By Mr. Nghiem Nguyen
We continue our journey with another busy day. We started in the Jerusalem Old City – home of the Dome of the Rock and Western Wall. Security was tight, but we made it through. Even though many of us felt out-of-place, everyone was all smiles. We then headed to the Western Wall. It was a Jewish holy day, so no pictures were allowed, but all of us were able to approach the wall. Some of students told me that they said a prayer for our Jewish brethren.
As we walked from the Dome to the Wailing Wall and then into the Christian Quarters, it was clear that our students felt more comfortable. We walked along the path of Jesus’ passion and celebrated mass in the same place where Jesus was scourged.
As we visited the holy sites this week, we celebrated the mass according to each site. This was the first mass that reminded us we were in Holy Week. Afterwards, we marched toward the Holy Sepulchre. Similar to surrounding streets, the area outside of this most holy place was buzzing with activity. However, the feeling of being in a Christian holy place was distinct.
We stopped and noticed as different groups of Christians entered and left. There was also a group of Armenian Christians chanting and praying outside. So many people dressed differently, looked differently, and spoke an unintelligible language for us, yet all were here because of our common faith in the risen Christ. We entered this most holy of Christian sites and saw the Stone of Unction where Jesus’ body was anointed. Then, we joined the line to see the tomb of Jesus. The line was long and the visit was very brief, but it was incredible to touch the place where Christ’s was buried and resurrected.
After another delicious lunch of “chicken steak”, we headed toward the Dead Sea. We made a stop in Jericho, the world’s oldest city, with a view of the Mt. of Temptations. We indulged ourselves with shopping for souvenirs and riding a camel.
We then headed to the Jordan river. In this same place where Jesus was baptized, we renewed our own baptismal vows. Many of the students wanted to receive more than a sprinkle of water, so they walked into the river; Paul went for full submersion.
We then drove to the Dead Sea for a leisurely and cleansing swim.
At this point our pilgrimage, all of the visits are starting to blend together and it is difficult to distinguish which event occurred on which day. However, what came next is undoubtedly the highlight of the day for everyone. Fr. Daniel had arranged for us to spend the night in the Church of the Holy Sepulchre. After dinner, we gathered our belongings and boarded the bus. Everyone seemed to buzz with excitement during the short drive. Some of us were worried we may not be able to enter on time, others thought about what they would do for the 8-hr visit, while others expressed how grateful they felt to have this opportunity.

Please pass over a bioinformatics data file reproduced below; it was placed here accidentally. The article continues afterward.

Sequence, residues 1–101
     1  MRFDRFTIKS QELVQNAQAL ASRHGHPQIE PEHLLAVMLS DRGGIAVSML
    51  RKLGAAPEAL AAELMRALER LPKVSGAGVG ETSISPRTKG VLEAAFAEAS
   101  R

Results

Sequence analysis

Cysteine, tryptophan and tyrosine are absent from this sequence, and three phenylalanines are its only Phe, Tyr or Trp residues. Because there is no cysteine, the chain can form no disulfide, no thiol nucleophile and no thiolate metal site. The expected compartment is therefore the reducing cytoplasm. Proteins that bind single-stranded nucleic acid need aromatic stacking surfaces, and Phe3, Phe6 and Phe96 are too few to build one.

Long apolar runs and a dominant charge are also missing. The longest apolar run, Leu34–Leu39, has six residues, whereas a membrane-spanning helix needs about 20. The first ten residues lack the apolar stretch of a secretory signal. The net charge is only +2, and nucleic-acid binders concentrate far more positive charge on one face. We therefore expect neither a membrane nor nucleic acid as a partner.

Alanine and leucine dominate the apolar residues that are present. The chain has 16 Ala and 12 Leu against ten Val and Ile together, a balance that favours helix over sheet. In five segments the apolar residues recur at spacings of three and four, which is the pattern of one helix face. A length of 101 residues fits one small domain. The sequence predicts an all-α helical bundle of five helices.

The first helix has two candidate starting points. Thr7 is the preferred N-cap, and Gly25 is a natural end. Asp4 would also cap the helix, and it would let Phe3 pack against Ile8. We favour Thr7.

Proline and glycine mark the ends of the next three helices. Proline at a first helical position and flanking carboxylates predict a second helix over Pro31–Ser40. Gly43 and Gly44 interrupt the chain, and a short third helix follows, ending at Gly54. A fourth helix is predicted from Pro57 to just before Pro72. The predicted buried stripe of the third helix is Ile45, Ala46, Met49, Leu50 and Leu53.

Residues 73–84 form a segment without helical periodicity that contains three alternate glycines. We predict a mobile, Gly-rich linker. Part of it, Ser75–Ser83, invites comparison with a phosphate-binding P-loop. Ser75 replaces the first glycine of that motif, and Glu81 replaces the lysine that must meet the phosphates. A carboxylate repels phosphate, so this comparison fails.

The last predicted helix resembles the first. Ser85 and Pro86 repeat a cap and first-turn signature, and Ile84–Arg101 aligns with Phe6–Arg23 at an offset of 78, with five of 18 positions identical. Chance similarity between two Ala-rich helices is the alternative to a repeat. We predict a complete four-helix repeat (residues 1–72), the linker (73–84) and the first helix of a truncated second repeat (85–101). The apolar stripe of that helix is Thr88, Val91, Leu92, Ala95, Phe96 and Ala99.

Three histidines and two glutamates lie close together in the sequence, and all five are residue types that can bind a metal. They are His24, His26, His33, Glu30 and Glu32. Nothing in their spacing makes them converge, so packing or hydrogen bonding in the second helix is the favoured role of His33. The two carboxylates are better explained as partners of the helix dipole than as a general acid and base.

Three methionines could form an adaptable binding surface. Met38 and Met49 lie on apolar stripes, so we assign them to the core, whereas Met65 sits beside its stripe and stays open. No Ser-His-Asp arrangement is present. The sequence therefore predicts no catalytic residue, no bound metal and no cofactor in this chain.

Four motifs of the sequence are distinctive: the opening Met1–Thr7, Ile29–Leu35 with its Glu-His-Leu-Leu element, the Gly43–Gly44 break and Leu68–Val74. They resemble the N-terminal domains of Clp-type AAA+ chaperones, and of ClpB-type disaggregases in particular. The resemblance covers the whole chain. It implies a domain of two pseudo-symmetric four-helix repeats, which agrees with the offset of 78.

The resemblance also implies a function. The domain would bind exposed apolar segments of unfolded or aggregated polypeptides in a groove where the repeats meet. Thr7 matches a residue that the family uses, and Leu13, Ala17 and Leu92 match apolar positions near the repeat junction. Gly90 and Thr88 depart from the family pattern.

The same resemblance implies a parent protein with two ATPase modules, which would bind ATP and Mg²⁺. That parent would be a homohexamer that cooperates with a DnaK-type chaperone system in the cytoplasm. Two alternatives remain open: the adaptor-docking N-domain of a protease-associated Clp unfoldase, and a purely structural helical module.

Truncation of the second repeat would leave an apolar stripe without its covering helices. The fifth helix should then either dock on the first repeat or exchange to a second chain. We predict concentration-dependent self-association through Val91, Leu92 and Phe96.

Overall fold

The Holy Sepulchre at night is dimly lit and wonderfully silent. There was no need to remind anyone to be quiet or to turn off their cell phones. Being inside this most sacred place immediately moves everyone to be more reverent. All of us enjoyed the peaceful ambiance. The students commented that they were able to think, reflect, and pray with greater focus than before. When inside the Sepulchre, we cannot help but notice all the marble and golden adornments, but the most beautiful experiences are those powerful and unexpected connections we felt with Christ and one another. The students prayed alone and in small groups. They offered private intentions and also shared in the Rosary to pray for their graduating class. They prayed on Mt. Calvary, in the many chapels, and over Jesus’ tomb. With the exception of Joey and Sarah, everyone fell asleep at some point, but our desire to encounter Jesus never failed.
As morning approached, we were all physically exhausted but spiritually fortified. All of us had a greater, more tangible understanding of Christ’s suffering and love for each of us. We continue to pray for everyone back home.
Following are more photos from the visit to the Sea of Galilee and the Magdala Center.